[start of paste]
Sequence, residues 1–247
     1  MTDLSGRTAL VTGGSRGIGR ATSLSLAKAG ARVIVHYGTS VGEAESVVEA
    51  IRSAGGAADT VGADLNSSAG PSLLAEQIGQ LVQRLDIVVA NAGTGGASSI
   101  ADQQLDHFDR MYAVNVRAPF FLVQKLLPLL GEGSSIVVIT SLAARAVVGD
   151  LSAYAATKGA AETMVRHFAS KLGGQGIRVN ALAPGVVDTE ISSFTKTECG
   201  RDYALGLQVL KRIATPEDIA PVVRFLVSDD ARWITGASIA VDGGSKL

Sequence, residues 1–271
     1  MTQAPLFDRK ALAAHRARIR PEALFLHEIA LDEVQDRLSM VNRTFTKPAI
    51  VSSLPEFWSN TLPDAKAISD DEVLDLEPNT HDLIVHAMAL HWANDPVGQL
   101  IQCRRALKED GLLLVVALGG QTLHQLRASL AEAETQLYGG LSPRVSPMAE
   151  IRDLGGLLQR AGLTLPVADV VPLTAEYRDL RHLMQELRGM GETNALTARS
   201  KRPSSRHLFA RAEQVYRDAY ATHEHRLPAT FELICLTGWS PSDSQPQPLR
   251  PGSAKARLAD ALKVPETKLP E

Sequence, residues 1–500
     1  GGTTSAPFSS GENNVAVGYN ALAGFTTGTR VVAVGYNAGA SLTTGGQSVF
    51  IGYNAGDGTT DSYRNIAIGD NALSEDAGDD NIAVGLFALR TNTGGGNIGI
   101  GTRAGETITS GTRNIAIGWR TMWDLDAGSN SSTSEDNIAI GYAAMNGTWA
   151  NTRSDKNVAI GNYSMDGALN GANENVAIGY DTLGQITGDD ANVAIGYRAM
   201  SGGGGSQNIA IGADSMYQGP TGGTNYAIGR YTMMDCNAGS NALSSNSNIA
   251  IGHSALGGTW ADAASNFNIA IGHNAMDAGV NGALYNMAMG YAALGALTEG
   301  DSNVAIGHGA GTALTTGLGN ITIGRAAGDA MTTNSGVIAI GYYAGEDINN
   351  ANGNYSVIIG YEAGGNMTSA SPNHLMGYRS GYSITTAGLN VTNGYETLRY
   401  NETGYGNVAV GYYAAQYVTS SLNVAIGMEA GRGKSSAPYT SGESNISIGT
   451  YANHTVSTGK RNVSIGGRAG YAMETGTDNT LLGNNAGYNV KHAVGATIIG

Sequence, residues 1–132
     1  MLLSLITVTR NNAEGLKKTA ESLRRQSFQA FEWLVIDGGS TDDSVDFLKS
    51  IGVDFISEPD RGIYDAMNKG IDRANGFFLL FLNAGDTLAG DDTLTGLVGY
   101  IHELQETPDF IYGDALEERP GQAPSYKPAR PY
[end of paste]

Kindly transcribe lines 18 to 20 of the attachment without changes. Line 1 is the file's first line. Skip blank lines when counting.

   151  NTRSDKNVAI GNYSMDGALN GANENVAIGY DTLGQITGDD ANVAIGYRAM
   201  SGGGGSQNIA IGADSMYQGP TGGTNYAIGR YTMMDCNAGS NALSSNSNIA
   251  IGHSALGGTW ADAASNFNIA IGHNAMDAGV NGALYNMAMG YAALGALTEG